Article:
WISA Woodsat is a nanosatellite designed and built by Arctic Astronautics, and it is based on the Kitsat educational satellite. The satellite measures roughly 10 x 10 x 10 cm and weighs one kilogram. A suite of onboard sensors, including two cameras will be used to monitor the specially coated WISA®-Birch plywood. One of these cameras is situated on a deployable boom for exterior imaging. The space materials laboratory of the European Space Agency will also provide a novel sensor suite for the mission. And all of this will be powered by nine small solar cells.
“The Wooden satellite with a selfie stick will surely bring goodwill and raise smiles, but essentially this is a serious science and technology endeavor. In addition to testing plywood, the satellite will demonstrate accessible radio amateur satellite communication, host several secondary technology experiments, validate the Kitsat platform in orbit, and popularize space technology to the public”, says WISA Woodsat mission manager Jari Mäkinen from Arctic Astronautics.
“UPM’s mission as a company is to create a future beyond fossils. WISA Woodsat is made of plywood and it carries a profound message of replacing fossils with renewable wood-based materials also in very demanding applications. Houston, we have a solution”, says Ari Voutilainen, the space project manager for UPM Plywood.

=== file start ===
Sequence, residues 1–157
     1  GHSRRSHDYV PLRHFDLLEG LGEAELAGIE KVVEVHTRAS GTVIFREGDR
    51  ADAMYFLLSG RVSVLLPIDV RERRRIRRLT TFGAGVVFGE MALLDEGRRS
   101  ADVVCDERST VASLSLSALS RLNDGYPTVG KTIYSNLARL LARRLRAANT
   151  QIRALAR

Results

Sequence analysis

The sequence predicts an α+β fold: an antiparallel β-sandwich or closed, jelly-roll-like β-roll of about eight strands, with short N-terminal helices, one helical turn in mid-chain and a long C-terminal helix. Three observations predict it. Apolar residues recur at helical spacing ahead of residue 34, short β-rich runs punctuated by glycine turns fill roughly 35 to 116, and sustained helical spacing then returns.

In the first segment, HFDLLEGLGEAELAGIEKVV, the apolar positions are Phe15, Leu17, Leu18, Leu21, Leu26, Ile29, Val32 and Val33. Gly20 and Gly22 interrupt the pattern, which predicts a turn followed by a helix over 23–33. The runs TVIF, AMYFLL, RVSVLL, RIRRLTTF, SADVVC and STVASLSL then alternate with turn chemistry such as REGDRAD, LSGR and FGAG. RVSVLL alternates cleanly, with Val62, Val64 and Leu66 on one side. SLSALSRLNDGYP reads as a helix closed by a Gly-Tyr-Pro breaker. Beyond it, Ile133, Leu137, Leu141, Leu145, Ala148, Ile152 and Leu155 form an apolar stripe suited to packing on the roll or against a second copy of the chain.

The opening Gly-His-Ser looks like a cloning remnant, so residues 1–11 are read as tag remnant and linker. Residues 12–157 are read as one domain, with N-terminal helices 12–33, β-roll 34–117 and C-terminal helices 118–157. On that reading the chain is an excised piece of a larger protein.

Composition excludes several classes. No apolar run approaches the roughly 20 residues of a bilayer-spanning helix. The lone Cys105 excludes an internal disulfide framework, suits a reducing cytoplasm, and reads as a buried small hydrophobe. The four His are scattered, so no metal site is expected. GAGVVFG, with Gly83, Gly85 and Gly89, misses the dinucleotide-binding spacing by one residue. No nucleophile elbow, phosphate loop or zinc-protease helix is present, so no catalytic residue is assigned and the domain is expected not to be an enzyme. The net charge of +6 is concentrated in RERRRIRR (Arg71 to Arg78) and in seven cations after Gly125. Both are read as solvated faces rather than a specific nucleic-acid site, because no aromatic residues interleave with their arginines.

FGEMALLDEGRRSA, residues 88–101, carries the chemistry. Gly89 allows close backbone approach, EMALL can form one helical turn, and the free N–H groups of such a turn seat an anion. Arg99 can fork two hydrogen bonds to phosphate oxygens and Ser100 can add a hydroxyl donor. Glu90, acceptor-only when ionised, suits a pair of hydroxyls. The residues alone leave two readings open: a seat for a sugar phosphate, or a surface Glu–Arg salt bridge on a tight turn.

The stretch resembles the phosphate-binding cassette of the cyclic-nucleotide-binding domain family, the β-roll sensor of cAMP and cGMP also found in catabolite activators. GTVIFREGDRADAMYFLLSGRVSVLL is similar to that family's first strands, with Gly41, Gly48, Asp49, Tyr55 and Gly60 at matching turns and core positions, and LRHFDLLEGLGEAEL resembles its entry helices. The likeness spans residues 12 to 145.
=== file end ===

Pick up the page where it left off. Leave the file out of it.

“Huld is extremely proud to be part of this mission as it combines Huld’s main competence areas, space and mechanical design. We foresee a lot of possibilities in the future by using the know-how developed in this mission”, says Matti Anttila, Space Business Development Director from Huld.
WISA Woodsat will be launched to polar orbit by Rocket Lab’s Electron launch vehicle. The launch will take place from the Mahia Peninsula launch complex in New Zealand. The satellite will orbit the Earth at an altitude of 500–550 kilometers, completing a full orbit every hour and a half.
Rocket Lab’s Senior Vice President of Global Launch Services, Lars Hoffman, said: “We’re proud to provide access to orbit for this innovative mission and we’re excited to see teams like UPM, Arctic Astronautics and Huld pushing boundaries.”
The manufacturing of the satellite is ongoing and next up are the tests required for a ticket to ride the rocket. All these activities can be followed on the mission website and blog.
According to wisaplywood.com